Yue-Sai's Interview with Road2Billionaire
In a recent interview with Road2Billionaire, Yue-Sai shares some of her memorable experiences and stories from her previous work in China as a media person, entrepreneur, best-selling author and philanthropist.
Today we are interviewing Yue-Sai Kan – @yuesaikan is an Emmy-winning television host and producer, successful businesswoman and entrepreneur, fashion icon, bestselling author and humanitarian. People magazine called her “the most famous woman in China” and Time magazine proclaimed her “the Queen of the Middle Kingdom.” Born in China and raised in Hong Kong, Yue-Sai moved to New York City in 1972, where she founded Yue-Sai Kan Productions and created a weekly television series “Looking East”, the first of its kind to introduce Asian cultures and customs to a growing and receptive American audience. The series garnered critical acclaim and won dozens of awards, and lasted 12 years. Based on this and other work, Yue-Sai was mentioned in the US Congressional Record and credited as the first TV journalist to connect the East and the West.
In 1984, PBS invited Yue-Sai to host the first live broadcast of a television program from China on the occasion of the 35th Anniversary of the People’s Republic of China. The program was the first ever co-production of an American TV station and China’s CCTV national network. This led the Chinese government to offer her a new television series, One World, which was produced and hosted by Yue-Sai, and aired on China’s CCTV. With a weekly viewership of 300 million people, One World gave many Chinese their first glimpse of the outside world, captivated the entire nation, and made Yue-Sai a household name.
In 1992, Yue-Sai successfully transformed herself from a TV personality to an entrepreneur by creating the Yue-Sai Cosmetics brand which grew into China’s leading cosmetics company, selling products in more than 800 outlets through 23 regional companies in China’s major markets. The company started a revolution by encouraging Chinese women to be proud of their image, and truly began the cosmetics industry in China. More than 90% of the Chinese population today recognizes the brand, which was purchased by L’Oreal in 2004. Yue-Sai’s other entrepreneurial ventures include an Asian-featured doll line called Yue-Sai Wa Wa and an East-meets-West lifestyle retail brand, the House of Yue-Sai. She is a director of IMAX China, which went public on the HKSE in the fall of 2015. Additionally, she has written 9 best-selling books in Chinese.
Since 2011, Yue-Sai held the position of National Director for the Miss Universe China Pageant. She uses the final pageant as Shanghai’s most glamorous charity ball. Attended by the Who’s Who of China, the charity has raised millions to build hospitals in poor regions, fund cleft lip and palate correction surgeries and grant scholarships for students in China’s best music, TV and film schools. UNICEF once named Yue-Sai as its first and only Global Chinese “Say Yes for Children” Ambassador. Yue-Sai also sits on the board of China Institute and Prince Albert of Monaco’s Philanthropy Round Table. Yue-Sai is the first and only living American featured on a Chinese government-issued postage stamp. She has a Bachelor’s Degree in Music from Brigham Young University in Hawaii, and an Honorary Doctorate Degree of Human Letters from the Worcester State College. She lives between homes in New York and China.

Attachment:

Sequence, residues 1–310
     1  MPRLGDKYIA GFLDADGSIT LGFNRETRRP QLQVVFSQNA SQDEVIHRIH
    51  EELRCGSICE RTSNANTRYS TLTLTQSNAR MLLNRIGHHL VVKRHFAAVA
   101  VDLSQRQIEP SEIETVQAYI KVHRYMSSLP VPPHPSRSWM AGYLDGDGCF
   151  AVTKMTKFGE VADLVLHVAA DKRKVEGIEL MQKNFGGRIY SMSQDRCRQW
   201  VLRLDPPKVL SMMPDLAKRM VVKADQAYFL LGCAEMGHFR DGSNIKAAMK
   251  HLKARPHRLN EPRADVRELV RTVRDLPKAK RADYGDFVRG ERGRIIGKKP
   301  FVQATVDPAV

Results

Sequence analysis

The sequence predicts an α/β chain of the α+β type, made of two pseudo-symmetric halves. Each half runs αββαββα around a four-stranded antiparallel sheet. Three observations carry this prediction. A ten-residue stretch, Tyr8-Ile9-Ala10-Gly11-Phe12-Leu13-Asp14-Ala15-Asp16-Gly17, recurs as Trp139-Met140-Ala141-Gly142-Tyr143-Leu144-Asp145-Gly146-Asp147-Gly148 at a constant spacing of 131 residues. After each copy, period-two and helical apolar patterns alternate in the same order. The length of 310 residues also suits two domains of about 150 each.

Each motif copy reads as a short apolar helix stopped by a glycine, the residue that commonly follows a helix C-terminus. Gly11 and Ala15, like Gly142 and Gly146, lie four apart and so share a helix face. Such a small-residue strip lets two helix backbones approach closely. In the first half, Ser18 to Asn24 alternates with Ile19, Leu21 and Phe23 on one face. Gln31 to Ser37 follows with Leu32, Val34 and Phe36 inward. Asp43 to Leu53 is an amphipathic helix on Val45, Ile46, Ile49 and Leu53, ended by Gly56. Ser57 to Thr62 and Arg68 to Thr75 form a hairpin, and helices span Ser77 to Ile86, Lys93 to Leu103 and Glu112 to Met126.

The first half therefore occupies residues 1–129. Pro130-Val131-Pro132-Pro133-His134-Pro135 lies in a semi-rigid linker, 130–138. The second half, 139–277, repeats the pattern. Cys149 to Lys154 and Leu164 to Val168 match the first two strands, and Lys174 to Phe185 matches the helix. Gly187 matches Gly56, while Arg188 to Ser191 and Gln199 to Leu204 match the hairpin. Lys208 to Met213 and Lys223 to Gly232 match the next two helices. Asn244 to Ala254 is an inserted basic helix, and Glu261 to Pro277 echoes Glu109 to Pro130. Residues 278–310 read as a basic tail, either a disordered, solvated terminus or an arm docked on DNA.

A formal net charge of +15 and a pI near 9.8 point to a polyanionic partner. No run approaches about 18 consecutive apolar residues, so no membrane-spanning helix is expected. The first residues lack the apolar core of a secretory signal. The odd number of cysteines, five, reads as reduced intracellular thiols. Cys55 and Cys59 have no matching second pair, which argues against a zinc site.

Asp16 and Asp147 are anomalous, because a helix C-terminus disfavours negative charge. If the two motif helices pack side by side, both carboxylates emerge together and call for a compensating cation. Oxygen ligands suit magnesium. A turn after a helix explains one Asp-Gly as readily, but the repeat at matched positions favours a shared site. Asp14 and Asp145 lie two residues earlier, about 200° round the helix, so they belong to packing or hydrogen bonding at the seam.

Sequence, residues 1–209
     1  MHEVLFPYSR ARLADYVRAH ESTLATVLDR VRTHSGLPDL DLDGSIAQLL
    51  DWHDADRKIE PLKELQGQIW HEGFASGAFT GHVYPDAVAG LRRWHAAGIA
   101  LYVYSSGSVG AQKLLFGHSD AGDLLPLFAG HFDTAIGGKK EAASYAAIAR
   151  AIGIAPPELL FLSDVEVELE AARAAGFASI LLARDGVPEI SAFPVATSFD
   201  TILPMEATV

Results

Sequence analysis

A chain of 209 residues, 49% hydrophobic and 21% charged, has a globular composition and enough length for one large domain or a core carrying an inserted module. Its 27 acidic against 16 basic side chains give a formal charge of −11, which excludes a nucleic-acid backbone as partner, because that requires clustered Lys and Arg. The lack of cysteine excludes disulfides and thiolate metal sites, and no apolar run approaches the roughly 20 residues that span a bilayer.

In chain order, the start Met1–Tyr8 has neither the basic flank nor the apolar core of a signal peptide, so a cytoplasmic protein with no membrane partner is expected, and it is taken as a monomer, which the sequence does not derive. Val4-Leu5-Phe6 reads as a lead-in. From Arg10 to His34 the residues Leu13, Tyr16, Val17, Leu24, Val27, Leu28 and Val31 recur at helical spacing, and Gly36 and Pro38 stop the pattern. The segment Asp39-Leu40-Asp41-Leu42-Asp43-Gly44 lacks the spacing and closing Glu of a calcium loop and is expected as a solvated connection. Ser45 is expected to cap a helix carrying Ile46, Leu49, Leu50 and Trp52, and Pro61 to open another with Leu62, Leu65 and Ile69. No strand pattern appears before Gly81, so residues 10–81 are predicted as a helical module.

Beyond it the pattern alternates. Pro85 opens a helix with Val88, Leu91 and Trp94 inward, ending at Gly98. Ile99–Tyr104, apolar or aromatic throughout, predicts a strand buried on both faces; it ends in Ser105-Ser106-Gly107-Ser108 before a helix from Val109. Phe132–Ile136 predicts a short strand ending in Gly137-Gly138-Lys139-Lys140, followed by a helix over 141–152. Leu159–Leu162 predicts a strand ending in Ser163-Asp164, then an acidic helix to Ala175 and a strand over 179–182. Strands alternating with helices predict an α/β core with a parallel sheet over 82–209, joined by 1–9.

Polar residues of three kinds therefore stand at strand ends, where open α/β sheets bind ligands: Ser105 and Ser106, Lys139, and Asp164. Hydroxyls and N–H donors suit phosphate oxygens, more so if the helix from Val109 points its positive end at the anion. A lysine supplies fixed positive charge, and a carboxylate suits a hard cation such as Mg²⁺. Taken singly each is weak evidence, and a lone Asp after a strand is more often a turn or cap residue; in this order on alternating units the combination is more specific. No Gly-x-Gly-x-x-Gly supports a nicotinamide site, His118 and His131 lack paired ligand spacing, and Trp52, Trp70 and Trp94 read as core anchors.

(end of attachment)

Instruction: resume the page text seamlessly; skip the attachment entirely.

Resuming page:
Question: As a female leader, what has been the most significant barrier in your career?
Yue-Sai Kan: As an American working in China, I can tell you that there are many barriers out there, the language, the culture, the laws, etc. But as a woman, I found it amazingly easy to do business in China. Chinese women are brought up under the ideal of “holding up half of the sky”. They are treated equally as their male counterparts when it comes to opening a business, getting a loan, buying real estate and etc. Many people have questioned me if I had found it difficult to do business in China as a female. Actually, not at all. I have found that being female sometimes is an advantage. When I started doing business in China in 1990s, there were very few entrepreneurs let alone women entrepreneurs. Today, according to the Hurun Report, 61 of the world’s top 100 self-made female billionaires are Chinese. They cover all industries, real estate, manufacturing, technology, you name it! However, I don’t see that many Chinese women holding the highest political positions. Even if they do, their positions tend to be ceremonial or women related. Here in the United States, we just elected our first female vice president. It’s a big accomplishment. But in Europe, quite a number of countries have female heads of state or government. Even in Asia, look at India, South Korea and Australia, they all have had female heads of state or government already. So both China and the United States have a lot to catch up in this regard.